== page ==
• The epistemological structure of a piece of software and a scientific theory is the same: you can’t “prove” a theory is correct in the same way you can’t “prove” a piece of software has no bugs, but you can do lots and lots of testing
  • The logical parallel clarifies (IMO in an interesting way) a fact of scientific research that I didn’t understand for a long time: you need expertise/peer review to evaluate scientific studies. This is for the same reason that programmers need domain-specific experience to know whether a given piece of software is “well-tested” or not. “Well-tested”, as a criteria, is defined relative to other, similar software and to standard practices in that field. This is why “facts guy” is often wrong: they don’t know what works, so they don’t know if a given experiment is rigorous.
  • When you have any kind of non-trivial bug in your software, you have two problems: (1) the software is broken and (2) your mental model is broken (i.e. you don’t know why the bug is happening because you don’t know what the software is doing). It’s sort of impossible to fix (1) without fixing (2), so my debugging technique focuses on fixing (2).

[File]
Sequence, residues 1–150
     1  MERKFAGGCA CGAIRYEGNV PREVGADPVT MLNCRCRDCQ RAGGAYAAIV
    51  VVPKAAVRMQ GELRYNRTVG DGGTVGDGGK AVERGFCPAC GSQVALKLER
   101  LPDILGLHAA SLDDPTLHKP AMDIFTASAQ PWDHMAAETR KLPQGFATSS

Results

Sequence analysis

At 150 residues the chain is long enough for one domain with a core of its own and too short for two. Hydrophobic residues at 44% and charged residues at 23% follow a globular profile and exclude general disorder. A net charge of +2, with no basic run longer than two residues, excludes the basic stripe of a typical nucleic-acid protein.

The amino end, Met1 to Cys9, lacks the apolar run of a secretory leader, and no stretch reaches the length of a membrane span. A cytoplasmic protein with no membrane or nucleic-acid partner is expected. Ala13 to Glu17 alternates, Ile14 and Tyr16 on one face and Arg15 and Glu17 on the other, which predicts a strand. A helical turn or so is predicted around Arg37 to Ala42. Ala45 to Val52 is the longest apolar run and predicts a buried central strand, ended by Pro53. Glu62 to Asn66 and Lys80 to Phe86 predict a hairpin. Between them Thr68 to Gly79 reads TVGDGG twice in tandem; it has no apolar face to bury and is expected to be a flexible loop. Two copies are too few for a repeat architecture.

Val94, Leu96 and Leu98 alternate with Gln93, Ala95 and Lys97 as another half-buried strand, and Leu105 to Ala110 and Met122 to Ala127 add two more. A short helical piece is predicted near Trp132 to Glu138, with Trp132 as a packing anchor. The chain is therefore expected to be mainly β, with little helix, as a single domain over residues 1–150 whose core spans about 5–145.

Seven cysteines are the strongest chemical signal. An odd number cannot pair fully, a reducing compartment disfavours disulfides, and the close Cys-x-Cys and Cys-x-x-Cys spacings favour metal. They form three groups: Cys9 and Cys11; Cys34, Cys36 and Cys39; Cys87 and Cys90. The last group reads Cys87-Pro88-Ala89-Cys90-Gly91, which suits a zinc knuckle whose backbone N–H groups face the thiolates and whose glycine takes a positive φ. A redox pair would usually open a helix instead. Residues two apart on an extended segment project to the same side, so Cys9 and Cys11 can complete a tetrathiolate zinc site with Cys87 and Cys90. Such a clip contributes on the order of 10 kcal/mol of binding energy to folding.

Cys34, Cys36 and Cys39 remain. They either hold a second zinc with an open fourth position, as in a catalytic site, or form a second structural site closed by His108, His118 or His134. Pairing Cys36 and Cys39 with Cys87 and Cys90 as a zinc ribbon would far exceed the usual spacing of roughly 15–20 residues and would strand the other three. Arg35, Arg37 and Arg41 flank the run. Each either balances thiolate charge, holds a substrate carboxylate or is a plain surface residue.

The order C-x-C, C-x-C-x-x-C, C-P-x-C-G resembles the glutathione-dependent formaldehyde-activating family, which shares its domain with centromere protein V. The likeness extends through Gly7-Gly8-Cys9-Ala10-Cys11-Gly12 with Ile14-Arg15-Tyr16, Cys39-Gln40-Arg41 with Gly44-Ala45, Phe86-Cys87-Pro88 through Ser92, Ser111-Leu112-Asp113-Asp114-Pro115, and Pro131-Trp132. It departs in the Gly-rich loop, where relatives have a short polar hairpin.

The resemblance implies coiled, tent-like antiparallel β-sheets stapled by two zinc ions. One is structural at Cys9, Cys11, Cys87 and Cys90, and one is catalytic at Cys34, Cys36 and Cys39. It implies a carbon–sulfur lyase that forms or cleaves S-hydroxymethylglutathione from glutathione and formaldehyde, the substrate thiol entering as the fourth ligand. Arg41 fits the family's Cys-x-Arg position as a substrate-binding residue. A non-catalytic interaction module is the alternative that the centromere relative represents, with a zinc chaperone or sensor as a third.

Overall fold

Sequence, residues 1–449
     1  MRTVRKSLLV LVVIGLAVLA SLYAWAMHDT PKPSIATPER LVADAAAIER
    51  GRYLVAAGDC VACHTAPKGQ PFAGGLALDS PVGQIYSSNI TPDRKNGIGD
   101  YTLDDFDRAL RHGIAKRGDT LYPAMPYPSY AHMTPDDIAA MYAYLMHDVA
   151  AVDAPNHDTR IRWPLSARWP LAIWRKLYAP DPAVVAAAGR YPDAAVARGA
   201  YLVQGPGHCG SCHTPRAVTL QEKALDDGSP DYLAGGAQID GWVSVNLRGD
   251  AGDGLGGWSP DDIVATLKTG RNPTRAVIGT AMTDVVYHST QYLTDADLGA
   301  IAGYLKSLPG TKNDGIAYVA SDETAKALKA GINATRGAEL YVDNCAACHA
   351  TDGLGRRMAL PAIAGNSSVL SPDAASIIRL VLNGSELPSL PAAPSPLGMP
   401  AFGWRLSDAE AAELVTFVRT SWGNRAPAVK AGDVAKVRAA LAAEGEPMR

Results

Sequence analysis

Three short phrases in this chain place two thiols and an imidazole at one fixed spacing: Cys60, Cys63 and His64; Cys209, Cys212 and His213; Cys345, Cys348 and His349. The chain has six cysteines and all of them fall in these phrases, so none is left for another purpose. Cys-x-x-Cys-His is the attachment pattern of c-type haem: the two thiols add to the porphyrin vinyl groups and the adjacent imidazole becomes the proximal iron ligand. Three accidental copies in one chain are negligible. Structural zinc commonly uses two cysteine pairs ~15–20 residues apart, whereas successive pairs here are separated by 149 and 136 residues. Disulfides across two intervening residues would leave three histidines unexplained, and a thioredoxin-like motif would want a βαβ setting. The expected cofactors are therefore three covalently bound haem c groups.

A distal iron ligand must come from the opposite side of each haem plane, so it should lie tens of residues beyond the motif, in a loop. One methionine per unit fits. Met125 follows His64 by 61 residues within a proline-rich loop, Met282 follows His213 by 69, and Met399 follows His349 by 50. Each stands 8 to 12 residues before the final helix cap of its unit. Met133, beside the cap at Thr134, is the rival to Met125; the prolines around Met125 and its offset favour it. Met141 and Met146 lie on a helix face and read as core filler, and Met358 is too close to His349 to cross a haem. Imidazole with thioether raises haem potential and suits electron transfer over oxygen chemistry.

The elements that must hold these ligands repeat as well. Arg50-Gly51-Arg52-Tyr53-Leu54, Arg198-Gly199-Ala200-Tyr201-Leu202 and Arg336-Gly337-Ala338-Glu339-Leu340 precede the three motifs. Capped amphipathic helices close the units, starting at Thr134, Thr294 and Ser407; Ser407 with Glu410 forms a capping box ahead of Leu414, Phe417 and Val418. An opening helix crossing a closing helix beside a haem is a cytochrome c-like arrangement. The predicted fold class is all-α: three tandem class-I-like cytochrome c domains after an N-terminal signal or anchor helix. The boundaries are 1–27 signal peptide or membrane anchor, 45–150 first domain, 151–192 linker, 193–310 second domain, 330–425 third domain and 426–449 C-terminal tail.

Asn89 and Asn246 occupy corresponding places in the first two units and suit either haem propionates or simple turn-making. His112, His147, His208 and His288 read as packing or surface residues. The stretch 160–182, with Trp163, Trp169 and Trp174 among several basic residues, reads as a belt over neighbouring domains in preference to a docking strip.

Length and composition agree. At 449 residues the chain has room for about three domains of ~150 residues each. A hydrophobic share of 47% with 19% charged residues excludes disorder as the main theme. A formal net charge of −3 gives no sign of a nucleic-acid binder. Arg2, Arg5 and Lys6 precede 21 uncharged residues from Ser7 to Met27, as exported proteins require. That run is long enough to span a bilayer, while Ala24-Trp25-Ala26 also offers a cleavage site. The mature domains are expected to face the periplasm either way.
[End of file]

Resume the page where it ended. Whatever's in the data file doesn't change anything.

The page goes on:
• Fixing broken mental models is the purpose of the scientific method, and it really works great for debugging. I just keep a Google Doc, and I use my mental model to make guesses about what the software is doing (but not necessarily about the root cause of the bug; just anywhere I think I might be wrong about anything).
  • Once I have a hypothesis about what the software is doing, I literally write out “Hypothesis”, “Experiment”, “Result” in my Google Doc. I think of one or more experiments to test the Hypothesis, write them down, do them, and record their results.
  • “Result” always starts with “disproves hypothesis” or “consistent with hypothesis” (again, you can’t ‘prove’ a hypothesis is true. But you’re testing it, and “consistent with” means the hypothesis passed this test, so it’s not wrong yet). I color-code the “Hypothesis-Experiment-Result” block red or gray if the hypothesis is disproven, and green if it’s not.
  • This technique parallelizes well: if lots of people are working on a bug, each person can do an experiment in parallel. Similarly, if a manager wants to see progress in investigating a bug, this list of hypotheses and experiments is a good way to show that.